EU: Directives do not give priority to frogs and fish

The EU has issued a sharp reprimand to Government ministers and others blaming EU rules for the effects of severe flooding around Ireland.

Actions recommended by the EU to prevent people suffering from flooding generally will provide long-term solutions, while the EU is also providing €705m for prevention.

Claims by farming bodies, that the plights of frogs and fish were being placed above people and property, were simply not true, said the European Commission.

The commission hit out at “inaccurate” statements made by Simon Harris, the junior minister with responsibility for the OPW, that some actions to deal with the catastrophe would breach EU law.

Mr Harris said building flood barriers and dredging rivers along the Shannon could affect bird and fish species protected under EU law. “Some of the suggestions will breach the EU directives,” he said last week.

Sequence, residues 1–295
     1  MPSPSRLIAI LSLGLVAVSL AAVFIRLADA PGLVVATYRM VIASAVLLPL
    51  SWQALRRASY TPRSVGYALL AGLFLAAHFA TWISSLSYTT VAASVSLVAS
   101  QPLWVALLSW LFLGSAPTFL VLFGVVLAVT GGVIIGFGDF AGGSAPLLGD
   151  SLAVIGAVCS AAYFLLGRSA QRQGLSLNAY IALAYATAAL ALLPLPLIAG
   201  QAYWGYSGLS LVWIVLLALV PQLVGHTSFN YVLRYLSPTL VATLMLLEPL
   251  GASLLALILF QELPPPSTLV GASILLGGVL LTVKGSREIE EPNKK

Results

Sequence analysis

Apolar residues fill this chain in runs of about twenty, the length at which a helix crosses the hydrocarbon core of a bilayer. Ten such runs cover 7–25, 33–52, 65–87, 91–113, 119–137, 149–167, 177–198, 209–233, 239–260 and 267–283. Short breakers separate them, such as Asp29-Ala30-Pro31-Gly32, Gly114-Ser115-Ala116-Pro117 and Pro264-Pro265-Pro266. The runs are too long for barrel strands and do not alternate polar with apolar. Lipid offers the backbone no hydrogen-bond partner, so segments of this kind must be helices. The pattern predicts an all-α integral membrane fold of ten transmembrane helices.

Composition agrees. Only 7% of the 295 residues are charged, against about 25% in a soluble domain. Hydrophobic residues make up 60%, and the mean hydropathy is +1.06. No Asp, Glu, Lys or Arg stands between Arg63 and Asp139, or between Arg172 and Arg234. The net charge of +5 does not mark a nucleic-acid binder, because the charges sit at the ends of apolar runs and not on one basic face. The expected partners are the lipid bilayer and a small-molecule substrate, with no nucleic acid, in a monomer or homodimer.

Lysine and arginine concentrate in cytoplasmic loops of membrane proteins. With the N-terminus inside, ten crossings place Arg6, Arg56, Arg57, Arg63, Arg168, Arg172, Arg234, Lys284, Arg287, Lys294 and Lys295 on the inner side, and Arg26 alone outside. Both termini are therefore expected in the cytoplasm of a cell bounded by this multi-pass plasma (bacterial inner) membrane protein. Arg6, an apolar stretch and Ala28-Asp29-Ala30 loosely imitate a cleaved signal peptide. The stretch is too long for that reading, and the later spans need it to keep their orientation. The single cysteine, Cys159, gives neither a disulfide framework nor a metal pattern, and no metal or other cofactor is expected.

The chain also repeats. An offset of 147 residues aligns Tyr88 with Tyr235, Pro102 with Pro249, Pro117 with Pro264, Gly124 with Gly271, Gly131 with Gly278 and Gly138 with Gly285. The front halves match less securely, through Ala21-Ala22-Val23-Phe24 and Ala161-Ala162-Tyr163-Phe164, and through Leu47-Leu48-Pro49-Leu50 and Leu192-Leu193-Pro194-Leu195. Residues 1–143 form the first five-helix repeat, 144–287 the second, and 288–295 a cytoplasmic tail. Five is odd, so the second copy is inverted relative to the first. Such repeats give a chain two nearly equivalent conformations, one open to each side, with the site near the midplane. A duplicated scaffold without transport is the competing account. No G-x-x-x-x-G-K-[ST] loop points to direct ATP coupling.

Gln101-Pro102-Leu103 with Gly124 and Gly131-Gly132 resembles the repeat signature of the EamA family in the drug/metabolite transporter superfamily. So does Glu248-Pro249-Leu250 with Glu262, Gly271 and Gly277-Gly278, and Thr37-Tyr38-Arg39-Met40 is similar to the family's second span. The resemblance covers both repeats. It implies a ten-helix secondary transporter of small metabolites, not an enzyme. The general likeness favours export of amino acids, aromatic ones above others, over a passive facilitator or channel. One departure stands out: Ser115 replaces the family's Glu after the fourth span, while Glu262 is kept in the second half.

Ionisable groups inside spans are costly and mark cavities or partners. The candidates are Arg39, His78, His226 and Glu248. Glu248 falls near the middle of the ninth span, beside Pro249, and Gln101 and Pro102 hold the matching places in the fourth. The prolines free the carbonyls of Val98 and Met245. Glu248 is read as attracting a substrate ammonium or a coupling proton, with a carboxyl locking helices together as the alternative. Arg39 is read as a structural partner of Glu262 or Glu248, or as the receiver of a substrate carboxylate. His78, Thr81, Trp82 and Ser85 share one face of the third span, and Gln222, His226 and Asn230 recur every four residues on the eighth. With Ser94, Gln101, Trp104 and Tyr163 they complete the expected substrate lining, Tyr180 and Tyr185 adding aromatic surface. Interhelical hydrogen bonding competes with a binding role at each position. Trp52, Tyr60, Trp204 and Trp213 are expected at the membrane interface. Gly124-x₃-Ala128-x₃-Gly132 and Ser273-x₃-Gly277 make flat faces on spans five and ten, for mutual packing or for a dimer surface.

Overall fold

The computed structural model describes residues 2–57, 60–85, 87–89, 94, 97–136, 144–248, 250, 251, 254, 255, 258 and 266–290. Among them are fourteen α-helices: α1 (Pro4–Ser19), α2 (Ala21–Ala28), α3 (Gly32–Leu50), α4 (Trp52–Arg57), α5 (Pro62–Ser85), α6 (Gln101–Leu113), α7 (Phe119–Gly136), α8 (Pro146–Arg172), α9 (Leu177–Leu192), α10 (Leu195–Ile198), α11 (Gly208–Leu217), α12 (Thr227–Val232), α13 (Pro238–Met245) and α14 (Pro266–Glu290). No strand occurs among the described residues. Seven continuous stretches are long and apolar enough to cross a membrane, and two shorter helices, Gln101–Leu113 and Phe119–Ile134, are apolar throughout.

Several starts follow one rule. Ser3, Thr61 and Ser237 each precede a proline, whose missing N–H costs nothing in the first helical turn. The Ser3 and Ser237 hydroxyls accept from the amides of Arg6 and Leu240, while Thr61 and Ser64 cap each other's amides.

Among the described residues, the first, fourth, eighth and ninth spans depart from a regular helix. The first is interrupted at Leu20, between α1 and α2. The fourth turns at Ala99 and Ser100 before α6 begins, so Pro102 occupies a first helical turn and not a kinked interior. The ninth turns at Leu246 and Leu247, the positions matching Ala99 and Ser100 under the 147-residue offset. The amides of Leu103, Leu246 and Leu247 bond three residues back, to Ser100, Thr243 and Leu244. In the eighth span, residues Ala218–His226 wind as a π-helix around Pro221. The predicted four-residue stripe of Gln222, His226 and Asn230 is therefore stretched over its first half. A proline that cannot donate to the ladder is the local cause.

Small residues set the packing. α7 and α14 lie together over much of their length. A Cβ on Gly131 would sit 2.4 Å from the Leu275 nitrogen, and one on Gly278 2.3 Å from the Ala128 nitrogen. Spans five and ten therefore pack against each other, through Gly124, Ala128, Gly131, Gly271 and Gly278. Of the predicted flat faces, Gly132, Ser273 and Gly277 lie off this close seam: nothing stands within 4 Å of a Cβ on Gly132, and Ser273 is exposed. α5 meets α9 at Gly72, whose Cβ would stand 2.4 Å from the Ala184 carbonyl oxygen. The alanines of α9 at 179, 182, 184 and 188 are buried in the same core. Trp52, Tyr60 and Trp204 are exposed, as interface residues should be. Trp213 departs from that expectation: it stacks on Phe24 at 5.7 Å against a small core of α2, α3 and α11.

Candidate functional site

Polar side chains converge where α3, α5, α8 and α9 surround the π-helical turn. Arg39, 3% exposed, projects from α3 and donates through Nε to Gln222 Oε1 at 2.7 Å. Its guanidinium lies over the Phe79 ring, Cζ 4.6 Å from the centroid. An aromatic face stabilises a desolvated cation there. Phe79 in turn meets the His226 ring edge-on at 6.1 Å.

A statement from the European Commission said any suggestion EU environmental rules are to blame for the recent severe flooding in Ireland are “completely without foundation”.

It said the EU did not ban dredging while the Water Framework Directive and the Floods Directive did not include detailed rules on how member states manage their water courses.

“That is decided by the member states themselves”, the commission said in a statement, which added that dredging does not always resolve the underlying problem.

“It may help to sort out a local problem but it may also transport the problem downstream, sometimes from rural to urban areas where the damage on properties and economic activities can be much higher.

“Therefore the basin-wide approach included in EU policies is essential to find effective and long-term solutions.”

Nothing in the EU Nature Directives dealing with birds and habitat stops action to protect lives and property. It specifically allows action even if it damages a protected area and its wildlife in the event of “over-riding public interest”.

It does, however, insist the authorities assess the effects of various options before taking a decision that would damage a protected Natura 2000 site.

The EU Water Framework and Floods Directives are designed to provide good-quality water for people and industry, protect the environment, and to manage flood risk through prevention, preparedness, and protection.

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